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The shift to digital classrooms and independent learning has impacted parents who have found the limitations of their own education has hampered their ability to help their children.
TAKEO--The term “E-learning” is not a new word for parents and students in Phnom Penh and large towns, but in the countryside, it remains a new concept for many parents and students.
But throughout the COVID-19 pandemic, which has seen schools close repeatedly to prevent the spread of the virus, E-learning has become the dominant mode of education for many Cambodian students, although access to smartphones, computers and the internet has highlighted gross inequalities nationwide.
The widespread loss of income as a result of the pandemic has also seen a decrease in the quality of living conditions for many families, particularly as family members return jobless from abroad or from Cambodia’s cities.
Compounding all of this is the limited understanding of E-learning among educators, particularly in rural areas where technology has not been integrated into the classroom as widely as the wealthier classrooms of Phnom Penh—although even in the Cambodian capital, many teachers remain unfamiliar with the digital education tools they are now expected to rely on.
While technological and financial inequalities along the urban-rural fault line has hampered the uptake of E-learning across Cambodia, another issue has been felt more keenly by parents, who are now having to fill in gaps left by the education system. For many, this has highlighted the limitations of their own education.
Due to the school's temporary closure, Hong Srey Neang, a coffee seller in Kong Pisey District, Kampong Speu Province, said that she has struggled to teach her children in her spare time between selling coffee and cooking for her family.
“No matter how busy I am, I always try to teach my children, they cannot learn online so I try my best,” she said.
“At night, I teach my youngest daughter who is in Grade 2, but I can only teach her the alphabet, A, B, C... I received less education,” she said. “During the day, I’m busy selling coffee, and my husband's a mechanic who is often busy fixing motorbikes for customers, so we only teach as best we can at night.”
The 29-year-old mother is not alone. As parents have been forced to take on the role of teachers over the course of the pandemic, challenges beyond the immediately obvious have become apparent.
In Kampong Speu Province’s Kong Pisey District, Yang Seth is a watermelon farmer and has been grappling with his daughter’s education. Now in Grade 8 at Sok An Tramkhna High School, Seth’s daughter hasn’t been able to study online due to a lack of public school lessons available.
Seth’s son, who is in his first year of university, has been able to study online, but has found he doesn’t get the most out of his classes and has struggled to adapt to online classes, having only graduated from high school in 2020.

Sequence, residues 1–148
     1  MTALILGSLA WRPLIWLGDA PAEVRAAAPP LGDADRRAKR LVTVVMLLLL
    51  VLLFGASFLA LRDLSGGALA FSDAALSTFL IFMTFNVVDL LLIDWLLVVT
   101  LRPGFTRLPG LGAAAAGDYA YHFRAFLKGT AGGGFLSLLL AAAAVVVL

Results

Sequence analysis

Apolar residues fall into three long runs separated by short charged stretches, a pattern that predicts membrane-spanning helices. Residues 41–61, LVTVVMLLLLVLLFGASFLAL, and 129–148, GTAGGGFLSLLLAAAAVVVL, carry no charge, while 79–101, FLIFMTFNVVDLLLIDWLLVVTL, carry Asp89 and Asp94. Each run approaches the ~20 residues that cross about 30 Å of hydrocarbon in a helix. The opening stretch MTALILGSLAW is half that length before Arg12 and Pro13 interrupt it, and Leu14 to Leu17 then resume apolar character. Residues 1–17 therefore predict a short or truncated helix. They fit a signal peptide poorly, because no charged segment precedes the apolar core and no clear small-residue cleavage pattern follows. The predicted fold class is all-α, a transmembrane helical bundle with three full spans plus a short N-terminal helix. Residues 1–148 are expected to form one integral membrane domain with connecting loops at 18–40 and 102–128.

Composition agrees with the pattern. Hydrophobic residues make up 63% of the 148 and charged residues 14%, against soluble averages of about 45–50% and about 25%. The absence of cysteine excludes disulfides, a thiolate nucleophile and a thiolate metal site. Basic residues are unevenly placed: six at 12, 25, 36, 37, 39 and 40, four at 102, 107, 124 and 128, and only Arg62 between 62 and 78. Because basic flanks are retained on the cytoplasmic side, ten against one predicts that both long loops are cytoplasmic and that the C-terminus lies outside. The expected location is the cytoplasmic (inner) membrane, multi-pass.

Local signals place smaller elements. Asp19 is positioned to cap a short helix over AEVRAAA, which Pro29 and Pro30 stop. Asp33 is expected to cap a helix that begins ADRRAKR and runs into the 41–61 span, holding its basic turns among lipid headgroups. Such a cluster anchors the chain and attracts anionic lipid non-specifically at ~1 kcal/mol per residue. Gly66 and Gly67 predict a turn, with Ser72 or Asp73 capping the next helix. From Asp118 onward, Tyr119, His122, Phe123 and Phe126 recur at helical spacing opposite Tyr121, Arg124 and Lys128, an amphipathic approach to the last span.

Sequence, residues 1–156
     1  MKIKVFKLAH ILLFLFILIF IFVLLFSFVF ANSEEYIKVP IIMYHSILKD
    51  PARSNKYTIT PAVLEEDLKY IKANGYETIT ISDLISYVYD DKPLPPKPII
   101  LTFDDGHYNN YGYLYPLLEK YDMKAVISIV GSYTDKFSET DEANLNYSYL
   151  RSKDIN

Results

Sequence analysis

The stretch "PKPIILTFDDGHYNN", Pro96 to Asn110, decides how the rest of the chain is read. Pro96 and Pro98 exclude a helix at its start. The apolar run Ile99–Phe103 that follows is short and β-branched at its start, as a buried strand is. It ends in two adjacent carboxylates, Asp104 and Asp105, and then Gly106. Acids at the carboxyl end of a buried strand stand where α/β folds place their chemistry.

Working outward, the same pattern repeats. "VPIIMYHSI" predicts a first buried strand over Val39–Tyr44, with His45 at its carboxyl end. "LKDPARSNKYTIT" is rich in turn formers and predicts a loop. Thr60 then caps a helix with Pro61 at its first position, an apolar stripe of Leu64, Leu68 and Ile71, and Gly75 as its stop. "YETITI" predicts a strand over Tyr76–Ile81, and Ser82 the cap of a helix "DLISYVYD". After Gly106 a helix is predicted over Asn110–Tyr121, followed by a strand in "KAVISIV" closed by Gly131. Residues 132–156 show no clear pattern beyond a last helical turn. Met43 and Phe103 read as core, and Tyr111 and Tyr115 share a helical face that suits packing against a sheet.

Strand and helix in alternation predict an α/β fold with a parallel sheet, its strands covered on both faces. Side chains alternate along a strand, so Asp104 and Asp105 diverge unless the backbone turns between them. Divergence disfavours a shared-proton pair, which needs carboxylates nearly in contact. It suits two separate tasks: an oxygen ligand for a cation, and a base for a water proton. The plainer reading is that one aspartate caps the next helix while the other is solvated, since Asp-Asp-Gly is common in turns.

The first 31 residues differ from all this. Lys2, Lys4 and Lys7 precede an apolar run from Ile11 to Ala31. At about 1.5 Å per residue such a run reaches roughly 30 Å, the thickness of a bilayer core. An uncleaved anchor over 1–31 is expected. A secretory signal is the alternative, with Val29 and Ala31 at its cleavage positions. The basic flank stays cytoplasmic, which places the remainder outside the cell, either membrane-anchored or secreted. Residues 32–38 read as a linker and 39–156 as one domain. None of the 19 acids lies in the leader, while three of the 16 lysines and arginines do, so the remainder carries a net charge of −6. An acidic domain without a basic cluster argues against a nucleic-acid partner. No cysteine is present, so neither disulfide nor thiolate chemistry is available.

“My son is learning online every day, but he told me that learning online is like watching TV—I’m worried every day from his studies,” he said.
Seth said he wants to be able to help his children, but he knows about farming—his own education, he said, was far more limited.
“When the children were younger, in the lower grades at school, I could help, but now it’s too advanced for me,” he said.
Even though his income has fallen dramatically over the course of the pandemic, Seth said he will continue to pay his son’s tuition fees and remains hopeful that his son will adapt to E-learning.
“I think that learning online is better than just staying at home and playing on his phone, but I worry he will forget lessons,” he said.
The impact of the COVID-19 pandemic on Cambodian students isn’t just a concern for parents, but for teaches too. Often referred to as another parent, many teachers are worried because the good students will likely adapt and overcome the challenges, but it’s students who need extra support that will suffer the most.
Meanwhile in Takeo Province, Uth Nay In—an English teacher at Angta Phouk High School in Bati District—said that few students in her class have smartphones that they can use for studying and that during the first school closures in March 2020, more than 10 students dropped out of her class.
She said that she tried to persuade these students to return to school, but they decided to find a job to help ease their families' hardships.
“Once school was suspended, for those who couldn’t learn online, the students were free—no class, no homework—their parents often need the money, so the students end up working and very few will come back to school,” she warned.
The scale of this problem cannot be underestimated in Cambodia where more than 21 percent of the population—some 3.5 million Cambodians—are students under the age of 19, while a further 210,000 students are spread across the 125 higher education institutions.
But whether Cambodia can adapt amid the pandemic remains to be seen and the current outbreak shows little sign of slowing down, despite the easing of restrictions nationwide.